Adrian Wojnarowski of The Vertical reported that Horford "relented on the late [Atlanta] Hawks push" and informed the Celtics he will sign a max deal with them. According to Wojnarowski, the contract is expected to be a four-year, $113 million pact, which can become official July 7.
Horford talked about his decision Friday, per Chris Forsberg of ESPN.com:
It was a very difficult decision for me. I had a great situation in Atlanta, great years. I have a lot of respect for the organization and the fans there. … I like the direction that I saw when I met with [the Celtics]. I felt comfortable. I felt confident in the potential and what can be. And I'm very encouraged by the group of players that are here. Lot of young hard-working talented players and just playing in that series I saw the passion that they played with and how much better they got as a team throughout the season. It's something that excites me to be a part of this.
Wojnarowski added that there was "tremendous momentum for [the] Hawks in [the] final hours." However, the two sides were $6 million apart, per Wojnarowski. Brian Windhorst of ESPN.com reported Atlanta's offer "topped out" at five years and $136 million.
Kevin Durant had also been recruiting Horford to Oklahoma City, per Wojnarowski, but Horford moved on from the Thunder with no guarantee that Durant and Russell Westbrook would be with the team in the long term.
Al Horford's father, Tito Horford, discussed part of the reason his son elected to join the Celtics, per Adam Himmelsbach of the Boston Globe:
There wasn’t as much motivation for him when he saw all the empty seats when they were winning. He said to me, "Dad, when we were playing Boston, they were down 15 points and they were cheering their team like they were winning the game. They’re so into the game." This is special for us, especially for him.
Horford had been a stalwart for the Hawks since Atlanta selected him with the third overall pick in the 2007 draft. The Florida product has averaged 14.3 points, 8.9 rebounds and 1.2 blocks per game while shooting 53.5 percent from the field across nine NBA seasons.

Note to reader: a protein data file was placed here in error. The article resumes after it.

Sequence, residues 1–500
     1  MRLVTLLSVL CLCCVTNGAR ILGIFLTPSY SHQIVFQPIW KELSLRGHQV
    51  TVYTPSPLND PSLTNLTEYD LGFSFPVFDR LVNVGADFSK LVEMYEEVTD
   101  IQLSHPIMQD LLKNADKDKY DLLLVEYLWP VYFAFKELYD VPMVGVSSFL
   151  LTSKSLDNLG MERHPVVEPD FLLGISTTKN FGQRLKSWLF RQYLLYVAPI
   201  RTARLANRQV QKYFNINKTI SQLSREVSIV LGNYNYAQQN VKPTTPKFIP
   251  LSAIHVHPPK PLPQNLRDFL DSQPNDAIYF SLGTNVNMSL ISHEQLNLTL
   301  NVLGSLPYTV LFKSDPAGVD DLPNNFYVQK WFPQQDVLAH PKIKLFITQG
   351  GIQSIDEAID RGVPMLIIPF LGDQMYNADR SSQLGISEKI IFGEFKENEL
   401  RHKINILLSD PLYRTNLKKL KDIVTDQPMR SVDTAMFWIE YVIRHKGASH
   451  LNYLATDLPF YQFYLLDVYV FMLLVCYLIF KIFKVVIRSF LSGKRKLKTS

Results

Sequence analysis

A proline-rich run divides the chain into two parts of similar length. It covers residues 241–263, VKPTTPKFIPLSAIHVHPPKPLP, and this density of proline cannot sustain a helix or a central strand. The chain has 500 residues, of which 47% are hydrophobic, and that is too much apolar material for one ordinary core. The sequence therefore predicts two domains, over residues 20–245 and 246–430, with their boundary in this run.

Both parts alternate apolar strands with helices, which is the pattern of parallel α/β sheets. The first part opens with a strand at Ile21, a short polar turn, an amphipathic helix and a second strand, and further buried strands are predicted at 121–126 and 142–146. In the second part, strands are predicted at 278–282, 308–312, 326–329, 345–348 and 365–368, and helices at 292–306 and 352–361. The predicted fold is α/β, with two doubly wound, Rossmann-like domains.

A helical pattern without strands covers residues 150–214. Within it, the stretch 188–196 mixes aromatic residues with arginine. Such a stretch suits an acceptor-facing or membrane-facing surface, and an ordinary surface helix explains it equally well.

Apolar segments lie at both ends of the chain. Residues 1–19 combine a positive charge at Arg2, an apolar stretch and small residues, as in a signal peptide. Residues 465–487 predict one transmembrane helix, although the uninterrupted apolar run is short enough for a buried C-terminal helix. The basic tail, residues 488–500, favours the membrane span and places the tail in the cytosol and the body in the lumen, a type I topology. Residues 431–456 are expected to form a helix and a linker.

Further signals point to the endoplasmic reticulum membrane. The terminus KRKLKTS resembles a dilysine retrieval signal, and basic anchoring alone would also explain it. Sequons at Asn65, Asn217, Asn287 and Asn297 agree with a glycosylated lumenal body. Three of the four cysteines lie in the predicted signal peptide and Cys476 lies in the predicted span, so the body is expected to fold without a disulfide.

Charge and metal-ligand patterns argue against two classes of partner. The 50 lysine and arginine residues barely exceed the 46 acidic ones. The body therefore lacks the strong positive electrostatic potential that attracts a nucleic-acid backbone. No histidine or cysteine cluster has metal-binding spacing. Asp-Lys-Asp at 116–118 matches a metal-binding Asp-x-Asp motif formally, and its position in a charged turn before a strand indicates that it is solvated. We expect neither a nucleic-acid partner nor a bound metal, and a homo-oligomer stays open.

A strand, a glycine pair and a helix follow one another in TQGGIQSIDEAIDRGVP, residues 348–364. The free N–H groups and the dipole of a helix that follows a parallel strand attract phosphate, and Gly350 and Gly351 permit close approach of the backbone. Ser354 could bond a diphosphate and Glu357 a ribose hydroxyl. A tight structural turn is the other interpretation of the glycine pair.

The 30-year-old Dominican Republic native, who's twice missed an extended period during his career because of a torn pectoral muscle, is coming off a 2015-16 campaign in which he played all 82 games. His strong play continued as well, as he checked in at 15.2 points and 7.3 rebounds per contest.
Horford wasn't ready to comment on his future after the Cleveland Cavaliers eliminated the Hawks in the second round of the playoffs, but he did talk about the impression the city made on him, as Chris Vivlamore of the Atlanta Journal-Constitution relayed.
"It means a lot," Horford said. "I've set up here with my family. We all live here. We live here in the summer. We live here year-round. I'm very grateful for all the people here. They have taken me in from the very first day, even though I was a Gator. They loved me. I really love the city."
Yet his status remained uncertain as he headed toward free agency with no shortage of teams looking to upgrade their frontcourts this summer.
Ultimately, Horford decided the Celtics were the best overall fit.
A reliable post presence like Horford is exactly what the team needed. It's built a solid group of perimeter and wing assets, including Isaiah Thomas, Avery Bradley, Jae Crowder and Marcus Smart, but there's been a lack of steady production down low.
Even in today's game, which places a crucial emphasis on perimeter scoring, teams still need at least some post presence to succeed. Horford proved his worth in that role in Atlanta and should be utilized in a similar way in Boston.